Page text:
She sighed wearily. ‘All right. If it will make you happy, I’ll see a doctor.’

She was just beginning to feel good about her body again. She didn’t care what the doctor said, and when he insisted she look at herself in a full-length mirror, wearing only her underwear – something she had not dared to do for months – she was not grossed-out. The pendulous breasts, the thunder-­thighs, all the fat, all the jiggling flesh, had gone, leaving someone lean, clean, and pristine. She felt proud of herself. The way the doctor looked at her was just right, too: with a certain distance, with respect. Not a trace of that horrible, furtive greed she’d seen in the eyes of her brother’s friends just six months ago. The look of lust mixed with disgust which men had started giving her after her body had swelled into womanhood was something she hoped she’d never see again.

‘How long since you had a period?’ the doctor wanted to know.

‘About four months.’ She was pleased about that, too. You weren’t supposed to be able to turn the clock back and reject the nasty parts of growing up, but she had done it. She was in control of herself.

In reality, of course, the control was in the hands of others. As a minor, she was totally dominated by adults, chief among them her parents. After the doctor’s diagnosis that she was deliberately starving herself, she was forced to return to the dinner table.

Resentful and humiliated, she pushed food around on her plate and refused to eat it. Threats of punishment only strengthened her resolve.

‘That’s right,’ she snarled. ‘Make me a prisoner. Let everybody know. Keep me locked up, away from my friends, with no phone and no fun – that’s really going to make me psychologically healthy. That’s really going to make me eat!’

Bribes were more successful, but her parents either weren’t willing or could not afford to come up with a decent bribe at every single mealtime, and she simply laughed to scorn the notion that she’d let someone else control every bit of food that passed her lips for an entire week just for a pair of shoes or the use of the car on Saturday. She didn’t need new clothes, CDs, the car, or anything her parents could give her, and she wanted them to know it.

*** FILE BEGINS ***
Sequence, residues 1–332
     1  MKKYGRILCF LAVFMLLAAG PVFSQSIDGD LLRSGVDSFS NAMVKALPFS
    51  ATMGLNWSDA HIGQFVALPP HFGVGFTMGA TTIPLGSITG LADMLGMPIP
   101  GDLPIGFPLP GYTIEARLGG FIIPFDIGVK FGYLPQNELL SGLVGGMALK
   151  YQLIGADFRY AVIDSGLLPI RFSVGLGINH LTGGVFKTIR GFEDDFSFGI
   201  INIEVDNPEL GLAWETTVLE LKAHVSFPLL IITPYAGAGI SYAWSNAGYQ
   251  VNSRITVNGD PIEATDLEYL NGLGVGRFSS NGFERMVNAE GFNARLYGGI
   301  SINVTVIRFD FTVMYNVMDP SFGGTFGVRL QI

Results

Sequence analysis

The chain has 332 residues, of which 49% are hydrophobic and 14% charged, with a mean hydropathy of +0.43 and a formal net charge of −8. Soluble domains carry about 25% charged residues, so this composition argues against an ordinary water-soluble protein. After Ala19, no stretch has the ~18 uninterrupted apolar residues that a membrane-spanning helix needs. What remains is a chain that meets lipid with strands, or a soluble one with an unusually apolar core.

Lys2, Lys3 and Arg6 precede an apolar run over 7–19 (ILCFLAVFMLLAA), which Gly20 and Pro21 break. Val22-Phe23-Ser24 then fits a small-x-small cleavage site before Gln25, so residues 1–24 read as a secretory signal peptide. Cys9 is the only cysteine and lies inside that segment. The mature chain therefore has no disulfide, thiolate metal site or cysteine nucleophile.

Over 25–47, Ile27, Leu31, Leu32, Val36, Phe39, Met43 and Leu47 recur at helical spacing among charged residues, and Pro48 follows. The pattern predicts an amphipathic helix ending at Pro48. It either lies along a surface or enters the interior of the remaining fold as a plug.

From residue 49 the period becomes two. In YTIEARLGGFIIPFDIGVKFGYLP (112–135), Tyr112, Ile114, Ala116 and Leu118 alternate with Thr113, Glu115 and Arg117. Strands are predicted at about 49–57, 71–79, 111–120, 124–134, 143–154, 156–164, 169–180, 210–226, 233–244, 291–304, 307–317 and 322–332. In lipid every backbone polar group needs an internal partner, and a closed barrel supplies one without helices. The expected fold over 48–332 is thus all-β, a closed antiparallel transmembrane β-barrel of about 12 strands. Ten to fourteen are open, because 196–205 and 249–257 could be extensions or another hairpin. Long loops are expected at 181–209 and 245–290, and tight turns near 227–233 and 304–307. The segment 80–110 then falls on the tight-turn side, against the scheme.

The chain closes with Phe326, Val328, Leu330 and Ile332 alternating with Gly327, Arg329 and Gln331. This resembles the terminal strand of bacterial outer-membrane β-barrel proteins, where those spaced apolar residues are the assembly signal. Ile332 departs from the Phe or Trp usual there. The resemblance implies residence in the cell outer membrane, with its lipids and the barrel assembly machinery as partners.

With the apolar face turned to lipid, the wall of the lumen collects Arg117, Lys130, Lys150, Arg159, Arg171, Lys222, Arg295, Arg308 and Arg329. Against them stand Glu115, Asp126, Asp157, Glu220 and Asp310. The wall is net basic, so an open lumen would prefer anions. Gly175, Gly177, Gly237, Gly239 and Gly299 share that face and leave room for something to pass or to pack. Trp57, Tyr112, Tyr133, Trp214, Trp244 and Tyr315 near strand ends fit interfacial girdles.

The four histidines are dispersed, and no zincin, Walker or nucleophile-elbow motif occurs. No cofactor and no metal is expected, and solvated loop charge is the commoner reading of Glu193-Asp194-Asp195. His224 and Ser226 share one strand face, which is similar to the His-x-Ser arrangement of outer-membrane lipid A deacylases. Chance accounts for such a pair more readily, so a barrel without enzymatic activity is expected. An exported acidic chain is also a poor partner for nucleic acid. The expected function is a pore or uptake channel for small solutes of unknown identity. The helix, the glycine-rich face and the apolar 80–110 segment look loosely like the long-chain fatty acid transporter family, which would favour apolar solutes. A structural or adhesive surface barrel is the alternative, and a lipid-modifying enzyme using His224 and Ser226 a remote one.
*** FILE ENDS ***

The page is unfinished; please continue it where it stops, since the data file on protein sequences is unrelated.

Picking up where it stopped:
Now that the battle zone was marked out and war had been openly declared, food was a constant, oppressive pre­occupation. She was reminded of food by everything she saw, by everything around her. Hunger, which had once been the pleasurably sharp edge that told her she was achieving something, was now a constant, miserable state. She no longer even controlled the amounts she ate; she ate even less than she wanted because she couldn’t bear to let her mother feel that she was winning, that anything she put in her mouth was a concession to her. She couldn’t back down now, she couldn’t even appear to be backing down. If she did, she would never recover; her whole life would be lived out meekly under her mother’s heavy thumb.

Lying in bed one night, trying to get her mind away from food, she realized that the smell which permeated her mattress and pillow and all her bedclothes had changed. A subtle change, yet distinctive. What had been a foul stench was now . . . not so foul. There was something interesting about it. She sniffed a little harder, savouring it. It was still far from being something you could describe as a good smell – it was a nasty smell, not something she’d want anyone else to suspect she could like, and yet there was something about it which made her want more. It was both deeply unpleasant and curiously exciting. She couldn’t explain even to herself why the bad smell had become so pleasurable to her. It made her think of sex, which sounded so awful when it was described. No matter how they tried to make it glamorous in the movies, the act itself was clearly awkward and nasty. And yet it was obvious that the participants found that embarrassing, awkward nastiness deeply wonderful and were desperate for a chance to do it again. It was one of the great mysteries of life.

She wondered what the food under her bed looked like now. All the different foods, cooked and uncooked, pushed together into one great mass, breaking down, rotting, flowing together . . . Had it undergone a change into something rich and strange? Or would the sight of it make her puke? She had decided she was never going to clean under her bed – her refusal, although unknown by her mother, was another blow against her – but now, all of a sudden, she wished she could see it.

There was a movement under her bed.